While the Toronto Stock Exchange is only about 2% off all-time highs after a monster multi-year rally, shareholders of Cenovus Energy Inc. (TSX:CVE)(NYSE:CVE) certainly hasn’t participated — the stock recently closed just above $13 per share, which is only slightly off the all-time low of about $12.60 set in February 2016 at the very bottom of the historic collapse in oil prices. For value investors, this sell-off represents tremendous opportunity with very minimal downside and huge upside. It is a clear example of a market overreacting. Cenovus is trading near the same level that it was trading at in February…
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While the Toronto Stock Exchange is only about 2% off all-time highs after a monster multi-year rally, shareholders of Cenovus Energy Inc. (TSX:CVE)(NYSE:CVE) certainly hasn’t participated — the stock recently closed just above $13 per share, which is only slightly off the all-time low of about $12.60 set in February 2016 at the very bottom of the historic collapse in oil prices.
For value investors, this sell-off represents tremendous opportunity with very minimal downside and huge upside. It is a clear example of a market overreacting.
Cenovus is trading near the same level that it was trading at in February 2016, when oil prices were $25 per barrel. Today, oil prices are $45 per barrel, and Cenovus is projected to earn about $2.68 per share of cash flow for 2017 (assuming a conservative oil price of $53.25 per barrel for the year). This compares to $1.71 per share in 2016, and $2.07 cents in 2015.
Cenovus shares are currently pricing in extremely low oil prices for the year, which is not realistic given that oil inventories have been declining since July 2016, and the IEA states the market is currently close to balance. For the second half of the year, crude should see a deficit of at least one million bpd.
Cenovus is also being punished relative to its peers. Until recently, Cenovus traded at a premium to its peer group, and it now trades at a large discount (5.5 times 2018 EV/DACF compared to its peers at 6.8 times).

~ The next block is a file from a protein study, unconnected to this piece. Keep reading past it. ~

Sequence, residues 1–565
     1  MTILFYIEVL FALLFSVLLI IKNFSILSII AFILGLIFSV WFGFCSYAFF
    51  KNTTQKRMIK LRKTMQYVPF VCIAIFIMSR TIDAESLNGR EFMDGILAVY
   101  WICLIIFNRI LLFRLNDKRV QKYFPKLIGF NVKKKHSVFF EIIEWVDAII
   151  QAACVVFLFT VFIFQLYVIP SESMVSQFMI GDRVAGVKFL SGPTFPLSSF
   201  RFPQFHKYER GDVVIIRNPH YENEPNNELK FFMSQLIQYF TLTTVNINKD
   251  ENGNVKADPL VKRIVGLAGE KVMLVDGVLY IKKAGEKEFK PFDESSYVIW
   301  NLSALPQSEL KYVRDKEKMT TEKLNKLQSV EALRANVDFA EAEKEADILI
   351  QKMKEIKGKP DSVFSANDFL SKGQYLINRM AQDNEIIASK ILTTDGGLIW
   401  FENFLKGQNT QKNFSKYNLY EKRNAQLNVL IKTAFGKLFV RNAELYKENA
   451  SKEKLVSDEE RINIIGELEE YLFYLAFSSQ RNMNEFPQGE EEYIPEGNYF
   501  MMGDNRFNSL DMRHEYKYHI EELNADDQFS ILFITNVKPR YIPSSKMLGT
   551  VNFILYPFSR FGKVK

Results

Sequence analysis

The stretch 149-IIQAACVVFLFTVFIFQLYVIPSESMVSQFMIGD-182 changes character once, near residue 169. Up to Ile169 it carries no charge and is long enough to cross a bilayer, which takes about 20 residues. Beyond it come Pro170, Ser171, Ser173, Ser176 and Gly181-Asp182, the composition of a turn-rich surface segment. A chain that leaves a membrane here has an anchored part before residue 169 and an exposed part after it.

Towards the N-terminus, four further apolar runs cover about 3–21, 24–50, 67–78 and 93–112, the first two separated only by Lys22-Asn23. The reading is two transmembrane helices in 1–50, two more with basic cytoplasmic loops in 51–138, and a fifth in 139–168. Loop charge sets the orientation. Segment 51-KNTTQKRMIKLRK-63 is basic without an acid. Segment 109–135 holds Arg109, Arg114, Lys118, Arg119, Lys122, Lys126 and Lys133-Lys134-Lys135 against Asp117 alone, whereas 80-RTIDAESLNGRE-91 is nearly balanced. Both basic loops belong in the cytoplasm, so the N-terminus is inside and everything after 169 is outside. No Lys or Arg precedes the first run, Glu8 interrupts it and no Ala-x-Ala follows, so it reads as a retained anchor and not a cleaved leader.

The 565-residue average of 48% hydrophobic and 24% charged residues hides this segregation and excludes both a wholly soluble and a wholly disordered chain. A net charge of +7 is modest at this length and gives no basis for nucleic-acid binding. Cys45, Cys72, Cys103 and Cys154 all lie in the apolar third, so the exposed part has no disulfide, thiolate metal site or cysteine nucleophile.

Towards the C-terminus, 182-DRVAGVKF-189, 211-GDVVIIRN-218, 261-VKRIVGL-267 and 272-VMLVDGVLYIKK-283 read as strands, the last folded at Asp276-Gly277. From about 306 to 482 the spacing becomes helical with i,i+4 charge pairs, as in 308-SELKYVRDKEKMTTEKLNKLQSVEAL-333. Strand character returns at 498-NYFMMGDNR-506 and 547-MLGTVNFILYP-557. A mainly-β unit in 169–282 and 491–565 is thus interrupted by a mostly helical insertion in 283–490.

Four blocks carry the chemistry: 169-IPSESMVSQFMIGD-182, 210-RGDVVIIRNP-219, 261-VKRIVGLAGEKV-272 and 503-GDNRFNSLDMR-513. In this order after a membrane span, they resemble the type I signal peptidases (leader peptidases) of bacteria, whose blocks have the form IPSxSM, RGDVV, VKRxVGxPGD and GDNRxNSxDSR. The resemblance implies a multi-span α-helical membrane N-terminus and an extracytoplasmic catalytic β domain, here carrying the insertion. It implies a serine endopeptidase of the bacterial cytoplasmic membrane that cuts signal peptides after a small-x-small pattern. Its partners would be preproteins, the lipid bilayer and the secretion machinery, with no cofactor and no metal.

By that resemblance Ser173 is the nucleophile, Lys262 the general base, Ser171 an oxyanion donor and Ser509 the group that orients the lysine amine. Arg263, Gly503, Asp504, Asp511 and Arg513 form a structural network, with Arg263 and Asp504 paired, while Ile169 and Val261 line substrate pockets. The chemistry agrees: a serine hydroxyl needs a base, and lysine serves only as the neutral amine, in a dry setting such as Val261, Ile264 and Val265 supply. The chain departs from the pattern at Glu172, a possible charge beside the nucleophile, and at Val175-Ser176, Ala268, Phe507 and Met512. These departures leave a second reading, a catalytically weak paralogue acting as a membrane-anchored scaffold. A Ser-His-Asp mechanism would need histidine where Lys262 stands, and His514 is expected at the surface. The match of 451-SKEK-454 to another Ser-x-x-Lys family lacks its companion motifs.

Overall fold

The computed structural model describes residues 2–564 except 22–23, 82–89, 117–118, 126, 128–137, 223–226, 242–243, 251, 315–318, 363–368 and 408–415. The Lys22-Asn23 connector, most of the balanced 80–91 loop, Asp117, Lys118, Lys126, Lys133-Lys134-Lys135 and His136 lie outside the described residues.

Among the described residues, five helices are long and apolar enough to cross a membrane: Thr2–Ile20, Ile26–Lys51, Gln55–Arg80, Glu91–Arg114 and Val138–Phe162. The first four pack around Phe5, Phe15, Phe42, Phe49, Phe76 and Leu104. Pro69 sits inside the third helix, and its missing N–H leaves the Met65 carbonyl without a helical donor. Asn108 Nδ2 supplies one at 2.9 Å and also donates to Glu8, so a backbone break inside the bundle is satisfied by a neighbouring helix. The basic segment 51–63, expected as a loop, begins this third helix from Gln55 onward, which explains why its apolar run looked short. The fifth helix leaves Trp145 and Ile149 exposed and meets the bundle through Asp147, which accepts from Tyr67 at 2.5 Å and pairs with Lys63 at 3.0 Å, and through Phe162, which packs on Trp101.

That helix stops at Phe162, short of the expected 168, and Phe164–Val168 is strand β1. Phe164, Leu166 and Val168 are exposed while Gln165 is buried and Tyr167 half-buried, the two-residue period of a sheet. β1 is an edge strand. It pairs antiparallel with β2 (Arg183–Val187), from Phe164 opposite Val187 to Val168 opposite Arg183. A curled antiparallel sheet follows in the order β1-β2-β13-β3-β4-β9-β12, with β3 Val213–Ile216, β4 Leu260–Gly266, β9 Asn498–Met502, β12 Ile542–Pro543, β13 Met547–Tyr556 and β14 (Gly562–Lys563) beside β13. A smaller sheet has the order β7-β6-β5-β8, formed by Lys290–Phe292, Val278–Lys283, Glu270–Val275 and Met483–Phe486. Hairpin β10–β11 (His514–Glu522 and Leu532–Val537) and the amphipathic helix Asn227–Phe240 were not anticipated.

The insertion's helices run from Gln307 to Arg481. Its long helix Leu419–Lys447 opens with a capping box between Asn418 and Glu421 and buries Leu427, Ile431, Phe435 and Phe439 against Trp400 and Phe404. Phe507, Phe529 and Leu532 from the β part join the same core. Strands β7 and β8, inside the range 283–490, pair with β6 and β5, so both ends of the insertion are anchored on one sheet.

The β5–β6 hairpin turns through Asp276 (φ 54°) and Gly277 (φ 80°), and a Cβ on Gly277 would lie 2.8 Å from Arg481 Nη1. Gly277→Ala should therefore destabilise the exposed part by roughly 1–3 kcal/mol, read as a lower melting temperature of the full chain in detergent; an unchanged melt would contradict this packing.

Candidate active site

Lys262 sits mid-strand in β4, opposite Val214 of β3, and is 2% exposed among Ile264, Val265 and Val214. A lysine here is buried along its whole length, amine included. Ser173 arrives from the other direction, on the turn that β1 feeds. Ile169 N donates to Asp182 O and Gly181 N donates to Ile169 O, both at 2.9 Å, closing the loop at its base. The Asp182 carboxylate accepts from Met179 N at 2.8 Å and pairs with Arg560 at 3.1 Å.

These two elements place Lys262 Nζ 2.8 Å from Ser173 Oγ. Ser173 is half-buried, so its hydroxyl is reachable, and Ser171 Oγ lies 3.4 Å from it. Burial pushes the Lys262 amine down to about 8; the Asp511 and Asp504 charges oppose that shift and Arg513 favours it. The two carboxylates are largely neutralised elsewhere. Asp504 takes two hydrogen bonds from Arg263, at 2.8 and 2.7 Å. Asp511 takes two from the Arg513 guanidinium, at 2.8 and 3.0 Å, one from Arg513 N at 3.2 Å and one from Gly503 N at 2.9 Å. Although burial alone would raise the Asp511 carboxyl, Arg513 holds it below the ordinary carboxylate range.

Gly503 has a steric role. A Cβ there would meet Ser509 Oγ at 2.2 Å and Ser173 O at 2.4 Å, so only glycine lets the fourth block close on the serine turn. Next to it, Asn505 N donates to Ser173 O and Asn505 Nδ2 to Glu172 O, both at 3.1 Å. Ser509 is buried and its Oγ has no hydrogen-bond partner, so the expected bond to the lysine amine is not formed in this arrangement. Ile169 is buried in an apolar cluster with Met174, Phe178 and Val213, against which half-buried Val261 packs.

Is this discount justified?
Cenovus’s huge underperformance can be linked to its recent $17.7 billion acquisition of oil sands and conventional oil assets from ConocoPhillips. The transaction sees Cenovus purchasing the remaining 50% interest in its oil sands assets (Cenovus shared these assets with ConocoPhillips) as well as acquiring conventional oil assets in the Deep Basin region, which will be a new growth play for Cenovus.
Investors may be curious as to why Cenovus shares sold off heavily after the acquisition, given the fact that Canadian Natural Resources just made a similar oil sands acquisition from a large U.S. player, and shares jumped 10%.
The poor reaction to Cenovus’s acquisition occurred for two reasons: investors are concerned with the price, and investors are concerned that Cenovus is acquiring Deep Basin conventional oil assets. This is an area where Cenovus has no experience, which means the execution risk there is high. Investors also see the assets as outside Cenovus’s core area of expertise.
Starting with the price, while the deal certainly was expensive, it adds value if investors assume a higher oil price going forward. Currently, the futures strip for oil prices sees oil prices under US$50 until 2020. If the market is valuing the deal using these prices, Cenovus certainly overpaid.
According to one report, using strip pricing, the assets Cenovus acquired are worth about $12.72 billion compared to the $17.7 billion Cenovus paid. However, using a more optimistic outlook ($72 per barrel average oil prices between 2018 and 2022), the assets would be worth $21.2 billion.
While this may seem optimistic, GMP First Energy predicts $75 per barrel by the end of the decade because U.S. tight oil (which is only 5% of global production) simply cannot meet growing demand, and other sources will be needed. These sources, however, have been tremendously underinvested in over the past few years.
Cenovus claims it paid $55 or $60 per barrel for the deal, which means the deal is economic at these prices.
Investors are also worried about Cenovus’s balance sheet relating to the deal; the deal saw Cenovus’s debt to cash flow growing from 0.7 to three in 2018. Cenovus, however, has an active plan to reduce this through selling off poorer-quality assets, and if Cenovus succeeds in its full asset-sale plan, debt to cash flow will fall to 2.7 in 2018.
A low-risk buy
Overall, the deal will see free cash flow double over time, according to Bank of Nova Scotia, and the market is assuming unreasonably low long-term oil prices. Cenovus will outperform in a larger oil price recovery with little downside remaining after the massive sell-off.
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Fool contributor Adam Mancini has no position in any stocks mentioned.